The Media Research Center’s Rich Noyes on Thursday slammed journalistic hypocrisy on leaks and when they are good for the country. Talking to Neil Cavuto on Fox Business, the research director highlighted the difference between how Republican Congressman Devin Nunes is being treated in comparison to liberal leakers.
Noyes exposed, “If you come out with information that confirms the media’s bias, you are a hero. But if you challenge the media’s bias, all of a sudden you are not fit for public office.”
Noyes highlighted calls on MSNBC that Nunes should resign for claiming that the intelligence community was spying on Trump, saying, “[Nunes] comes out on Wednesday was something that, you know, sort of, gently suggests there's something going on with the way the Obama people are handling intelligence and all the sudden he should be resigning from office? That makes no sense at all.”
A transcript is below:
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Cavuto: Coast to Coast
NEIL CAVUTO: The media is already questioned anything having to do with Donald Trump maybe being right and not so willing to point out the stuff when it looks like Donald Trump could easily be proven wrong. [sic] That is a bias that comes up again and a gain. So, to the Media Research Center’s Richard Noyes on what he makes of that standard. One of the things that stands out to me, Richard, there’s never any doubt when the chairman comes out with his ranking minority member to say there’s no proof that, you know, Donald Trump’s phones were tapped and everyone accepts that at face value. All of a sudden when there’s a wrinkle in the story, albeit a different type of wrinkle, that the administration could have still been in spying on Donald Trump, even indirectly, well, that everyone goes nuts over. What do you think of that?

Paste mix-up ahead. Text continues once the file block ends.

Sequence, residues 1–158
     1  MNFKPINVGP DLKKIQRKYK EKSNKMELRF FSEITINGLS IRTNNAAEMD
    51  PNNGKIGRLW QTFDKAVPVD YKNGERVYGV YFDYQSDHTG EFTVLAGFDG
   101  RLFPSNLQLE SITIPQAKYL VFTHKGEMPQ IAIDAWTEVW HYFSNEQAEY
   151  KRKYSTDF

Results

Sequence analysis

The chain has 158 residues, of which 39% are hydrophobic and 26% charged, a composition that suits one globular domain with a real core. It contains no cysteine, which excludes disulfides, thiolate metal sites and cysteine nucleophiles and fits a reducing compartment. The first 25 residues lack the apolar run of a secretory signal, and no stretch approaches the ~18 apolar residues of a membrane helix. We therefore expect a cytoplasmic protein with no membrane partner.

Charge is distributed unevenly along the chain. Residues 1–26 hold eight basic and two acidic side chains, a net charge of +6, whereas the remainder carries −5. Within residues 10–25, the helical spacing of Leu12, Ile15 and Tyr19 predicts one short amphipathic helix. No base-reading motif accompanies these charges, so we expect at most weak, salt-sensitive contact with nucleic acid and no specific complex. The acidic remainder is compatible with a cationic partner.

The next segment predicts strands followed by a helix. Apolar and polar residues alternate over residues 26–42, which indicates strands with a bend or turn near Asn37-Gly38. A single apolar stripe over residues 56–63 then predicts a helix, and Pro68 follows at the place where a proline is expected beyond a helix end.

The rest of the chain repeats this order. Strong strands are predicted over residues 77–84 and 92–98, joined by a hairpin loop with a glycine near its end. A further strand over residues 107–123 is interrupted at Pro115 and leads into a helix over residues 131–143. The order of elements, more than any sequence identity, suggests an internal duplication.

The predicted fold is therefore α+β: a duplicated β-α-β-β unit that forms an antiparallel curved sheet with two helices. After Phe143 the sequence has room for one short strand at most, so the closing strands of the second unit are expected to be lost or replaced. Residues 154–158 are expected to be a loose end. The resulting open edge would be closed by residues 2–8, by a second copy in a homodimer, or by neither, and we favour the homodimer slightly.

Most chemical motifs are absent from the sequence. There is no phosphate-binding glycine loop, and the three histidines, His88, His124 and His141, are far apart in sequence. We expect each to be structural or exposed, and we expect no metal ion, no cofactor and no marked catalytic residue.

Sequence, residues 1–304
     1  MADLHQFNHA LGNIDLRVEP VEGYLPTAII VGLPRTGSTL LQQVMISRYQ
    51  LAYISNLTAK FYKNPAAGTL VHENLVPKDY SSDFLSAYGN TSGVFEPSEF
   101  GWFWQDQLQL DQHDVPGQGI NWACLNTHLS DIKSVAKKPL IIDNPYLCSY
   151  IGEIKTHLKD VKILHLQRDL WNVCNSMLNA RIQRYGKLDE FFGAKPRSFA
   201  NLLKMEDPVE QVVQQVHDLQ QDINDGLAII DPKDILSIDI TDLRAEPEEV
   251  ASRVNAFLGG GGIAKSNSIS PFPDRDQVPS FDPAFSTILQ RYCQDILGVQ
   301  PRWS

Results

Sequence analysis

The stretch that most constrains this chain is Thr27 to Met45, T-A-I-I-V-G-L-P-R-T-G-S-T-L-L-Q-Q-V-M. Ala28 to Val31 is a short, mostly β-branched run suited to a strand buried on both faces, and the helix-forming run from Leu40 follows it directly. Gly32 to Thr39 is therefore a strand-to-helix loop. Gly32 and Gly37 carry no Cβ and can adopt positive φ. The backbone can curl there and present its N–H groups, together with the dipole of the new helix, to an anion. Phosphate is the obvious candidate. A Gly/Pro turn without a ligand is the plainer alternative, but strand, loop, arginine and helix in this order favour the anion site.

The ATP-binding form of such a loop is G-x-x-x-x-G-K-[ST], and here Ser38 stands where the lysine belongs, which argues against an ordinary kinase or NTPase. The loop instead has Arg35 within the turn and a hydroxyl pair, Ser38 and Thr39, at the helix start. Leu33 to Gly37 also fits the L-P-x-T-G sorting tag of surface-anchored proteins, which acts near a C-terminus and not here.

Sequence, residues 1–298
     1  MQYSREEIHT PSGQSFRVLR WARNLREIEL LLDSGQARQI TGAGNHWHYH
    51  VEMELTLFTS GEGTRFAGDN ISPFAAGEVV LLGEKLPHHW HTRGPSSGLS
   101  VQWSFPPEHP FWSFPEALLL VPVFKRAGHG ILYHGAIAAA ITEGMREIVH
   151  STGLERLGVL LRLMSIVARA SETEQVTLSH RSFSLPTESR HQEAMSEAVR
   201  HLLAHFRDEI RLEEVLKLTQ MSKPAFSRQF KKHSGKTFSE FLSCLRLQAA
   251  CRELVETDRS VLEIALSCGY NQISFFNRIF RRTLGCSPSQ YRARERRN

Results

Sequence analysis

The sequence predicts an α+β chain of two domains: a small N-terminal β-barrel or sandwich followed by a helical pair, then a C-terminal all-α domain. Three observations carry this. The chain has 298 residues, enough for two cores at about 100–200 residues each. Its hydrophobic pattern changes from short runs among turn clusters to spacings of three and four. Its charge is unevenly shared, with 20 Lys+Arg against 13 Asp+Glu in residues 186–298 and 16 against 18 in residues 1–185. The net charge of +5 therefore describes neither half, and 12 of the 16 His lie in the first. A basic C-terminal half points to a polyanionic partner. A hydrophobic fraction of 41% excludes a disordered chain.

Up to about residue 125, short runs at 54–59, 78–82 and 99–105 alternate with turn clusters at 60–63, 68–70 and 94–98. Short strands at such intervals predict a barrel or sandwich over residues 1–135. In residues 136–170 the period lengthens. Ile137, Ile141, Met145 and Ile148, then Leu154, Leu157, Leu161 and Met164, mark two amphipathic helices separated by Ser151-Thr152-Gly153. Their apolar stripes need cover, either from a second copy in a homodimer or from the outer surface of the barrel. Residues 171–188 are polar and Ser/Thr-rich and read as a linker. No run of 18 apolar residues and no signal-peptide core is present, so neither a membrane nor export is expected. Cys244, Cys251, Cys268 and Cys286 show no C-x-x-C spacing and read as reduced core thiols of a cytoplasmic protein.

RICHARD NOYES: Well, I think you’re exactly right. I mean, this morning you had an anchor on MSNBC asking if Nunes should resign. On NBC, you had Matt Lauer asking if the whole committee should shut down because of this. You know, they weren’t criticizing him for characterizing the investigation on Sunday when he was basically saying things that confirm the media’s bias, that there was no evidence. But he comes out on Wednesday was something that, you know, sort of, gently suggests there's something going on with the way the Obama people are handling intelligence and all the sudden he should be resigning from office? That makes no sense at all.
CAVUTO: But it’s the same in the coverage of leaks. They didn't matter last year when they involved Hillary Clinton and damaging information that got out. They all of a sudden matter now because of who the leaks are about. But this is fairly glaring and obvious. And it seems to be out of control.
NOYES: Yeah. And look — I mean, look, Chairman Nunes could've done what apparently people in the Obama administration are doing. He could've leaked this information to a reporter. It could have showed up in a newspaper this morning. His fingerprints wouldn’t have been on it. But it still would have gotten out there. Instead, he was very up front. People saw what he was doing. He gave a press conference. He explained what was going on.
CAVUTO: Do you think it would have gotten out if he had leaked it to a reporter? That organization would have allowed it to get out or given it much prominence?
NOYES: Well, he would have had to picked the right news organization, I guess. But yes, I think it would have gotten out there. And, you know, the President could have learned about it in secret from him or from his own people, for that matter. He could get the same information from his own intelligence people. But instead he did this in public and he’s being vilified for it. And I think that just shows you know, like you said, if you come out with information that confirms the media’s bias, you are a hero. But if you challenge the media’s bias, all of a sudden, you are not fit for public office.
CAVUTO: What I also know, and it’s also your point of view, but the length of time he spent talking to reporters yesterday outside the White House, that all of a sudden the media had a problem with that. Generally, they don’t have a problem with being accessible. But accessible on that stuff, no so much.
NOYES: Right. And it’s almost as if they say, “We don’t want this information.” You know, a week or two ago, we were hearing, “You don’t want to suppress leaks. We live on leaks. This helps the public know what’s going on.” Well, here’s a public official coming forward, not anonymously, telling the public what’s going on and the media are, like, “He shouldn’t be talking to us. We shouldn’t be hearing this.” It’s a very different standard.
CAVUTO: Quite well put. Rich Noyes. Media Research Center. Research director.